Our two dogs have a number of chew toys. Occasionally we will buy them something nicer, an antler perhaps, to chew on. Their breed does a lot of chewing and they have powerful jaws so antlers are the choice du jour.
There are two dogs, so we buy two small antler (parts, it’s not a full on antler getting thrown about the living room!), so they each have one. Of course that’s not how it works.
How it works is that, for some reason or another, one of the antlers is deemed the favourite and then they spend hour after hour trying to trick each other into giving it up.
Dave usually gets first shot at it as he is the one who chews the most, which means Sasha then spends her time picking up all the other toys and nudging Dave to get him to play. As soon as Dave drops the antler to start playing with Sasha, she quickly shakes him off, grabs the antler and runs off.
And then, despite the fact that Dave is a far bit bigger and stronger than Sasha and could, quite easily if he wanted, get it back from her, he doesn’t. He just stands about a metre away from her and whines. And whines, and whines, and slowly works up to a full bark.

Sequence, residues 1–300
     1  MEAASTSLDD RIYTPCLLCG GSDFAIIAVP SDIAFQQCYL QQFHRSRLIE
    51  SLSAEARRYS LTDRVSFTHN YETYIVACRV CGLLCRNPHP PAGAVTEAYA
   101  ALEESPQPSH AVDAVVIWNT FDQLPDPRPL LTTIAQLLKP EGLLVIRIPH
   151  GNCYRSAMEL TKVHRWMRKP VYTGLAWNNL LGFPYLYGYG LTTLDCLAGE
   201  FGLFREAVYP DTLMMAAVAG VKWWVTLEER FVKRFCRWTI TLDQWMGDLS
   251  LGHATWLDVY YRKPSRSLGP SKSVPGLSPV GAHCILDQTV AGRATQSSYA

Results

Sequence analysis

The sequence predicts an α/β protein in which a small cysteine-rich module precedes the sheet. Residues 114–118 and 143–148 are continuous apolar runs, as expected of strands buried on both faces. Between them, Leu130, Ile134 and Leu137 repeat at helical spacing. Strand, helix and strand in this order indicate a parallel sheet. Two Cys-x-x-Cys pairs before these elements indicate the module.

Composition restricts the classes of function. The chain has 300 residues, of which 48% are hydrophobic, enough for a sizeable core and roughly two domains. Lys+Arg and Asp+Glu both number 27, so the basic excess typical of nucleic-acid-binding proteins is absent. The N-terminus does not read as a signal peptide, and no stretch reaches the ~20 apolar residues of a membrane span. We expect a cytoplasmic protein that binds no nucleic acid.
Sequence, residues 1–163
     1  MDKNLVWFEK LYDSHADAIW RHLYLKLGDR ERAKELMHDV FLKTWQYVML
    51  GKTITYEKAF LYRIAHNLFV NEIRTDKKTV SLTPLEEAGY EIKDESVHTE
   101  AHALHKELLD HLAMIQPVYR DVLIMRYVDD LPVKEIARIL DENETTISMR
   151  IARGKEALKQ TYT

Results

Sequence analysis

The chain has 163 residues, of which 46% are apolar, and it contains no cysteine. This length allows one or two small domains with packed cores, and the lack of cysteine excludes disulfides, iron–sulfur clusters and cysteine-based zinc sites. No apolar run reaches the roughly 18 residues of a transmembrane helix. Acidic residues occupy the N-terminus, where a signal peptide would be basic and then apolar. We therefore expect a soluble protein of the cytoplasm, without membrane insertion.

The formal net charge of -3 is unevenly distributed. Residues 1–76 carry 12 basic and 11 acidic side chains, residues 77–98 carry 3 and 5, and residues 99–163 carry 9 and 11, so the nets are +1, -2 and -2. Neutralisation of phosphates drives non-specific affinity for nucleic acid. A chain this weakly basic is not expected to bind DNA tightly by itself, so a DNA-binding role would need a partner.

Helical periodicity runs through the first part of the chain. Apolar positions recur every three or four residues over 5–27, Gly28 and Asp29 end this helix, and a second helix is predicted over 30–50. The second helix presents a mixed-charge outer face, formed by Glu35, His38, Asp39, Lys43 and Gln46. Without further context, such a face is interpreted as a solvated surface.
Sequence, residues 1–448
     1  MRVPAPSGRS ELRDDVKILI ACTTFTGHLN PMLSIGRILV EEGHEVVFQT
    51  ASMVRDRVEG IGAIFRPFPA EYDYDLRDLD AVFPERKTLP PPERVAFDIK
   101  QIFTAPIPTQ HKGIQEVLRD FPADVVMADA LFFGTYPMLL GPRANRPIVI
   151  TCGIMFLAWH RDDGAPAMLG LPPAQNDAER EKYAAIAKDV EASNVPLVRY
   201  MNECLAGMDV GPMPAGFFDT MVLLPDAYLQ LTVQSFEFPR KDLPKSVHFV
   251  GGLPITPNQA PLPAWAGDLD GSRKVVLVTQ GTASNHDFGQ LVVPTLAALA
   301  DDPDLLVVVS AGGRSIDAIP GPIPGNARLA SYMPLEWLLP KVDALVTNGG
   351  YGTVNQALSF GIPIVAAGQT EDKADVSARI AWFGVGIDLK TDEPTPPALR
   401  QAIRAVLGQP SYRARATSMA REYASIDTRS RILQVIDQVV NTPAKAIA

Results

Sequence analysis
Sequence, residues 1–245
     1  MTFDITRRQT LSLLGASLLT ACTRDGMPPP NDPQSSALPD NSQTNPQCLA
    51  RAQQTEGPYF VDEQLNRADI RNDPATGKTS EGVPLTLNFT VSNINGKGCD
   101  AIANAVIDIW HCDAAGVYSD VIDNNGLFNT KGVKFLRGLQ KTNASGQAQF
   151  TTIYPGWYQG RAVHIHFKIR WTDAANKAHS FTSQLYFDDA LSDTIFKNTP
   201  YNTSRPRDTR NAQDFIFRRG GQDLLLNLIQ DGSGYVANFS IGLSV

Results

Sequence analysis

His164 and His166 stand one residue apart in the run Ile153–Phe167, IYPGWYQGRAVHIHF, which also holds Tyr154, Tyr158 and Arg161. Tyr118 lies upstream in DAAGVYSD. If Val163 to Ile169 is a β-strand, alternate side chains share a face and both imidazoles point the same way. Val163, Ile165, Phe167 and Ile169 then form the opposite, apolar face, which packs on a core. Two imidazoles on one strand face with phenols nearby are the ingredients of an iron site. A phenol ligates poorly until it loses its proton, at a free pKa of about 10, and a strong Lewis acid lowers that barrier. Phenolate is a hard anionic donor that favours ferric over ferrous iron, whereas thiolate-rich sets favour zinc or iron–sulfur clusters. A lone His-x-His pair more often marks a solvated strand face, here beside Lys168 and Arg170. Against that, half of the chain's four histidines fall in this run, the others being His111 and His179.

Which, of course means, that we need to intervene, retrieve said antler from Sasha, distract her by getting her up on to the sofa for cuddles, so Dave can be left in peace to chew his favourite antler.
Repeat. At least three or four times a night.
It’s all part of how they play and interact, and this little game, once you learn it, has tactics and strategies and different outcomes depending on what pieces are in play. It can be quite complex for something that is driven by base instinct.
I’m not that into games myself, certainly nothing in depth. I have a Playstation 4 but tend to only play sports games; football (soccer), racing, beat ’em ups, nothing that requires a deep level of knowledge to pick up and start playing as my motivation for play games is never to learn something new, it’s to distract myself and let my brain relax a bit.
I think that’s why I’ve never gotten into games like Call of Duty, and it’s certainly why the more involved board games leave me a bit bored. All those rules!
I don’t think it’s just instant gratification that I seek either, I have a few games on my phone and they mostly get played during my commute on the way home, a way to decompress with some mindless nonsense.
Which I guess is all part of gaming oneself, literally using games to reset my mood and my emotions, to give myself a time to relax a little. It usually works, although sometimes a little too well when a ‘quick game’ turns into a couple of hours but then isn’t that the point, a game should be something that’s fun, something that you enjoy, and if time isn’t flying when you are playing your favourite game then maybe it’s time to find another?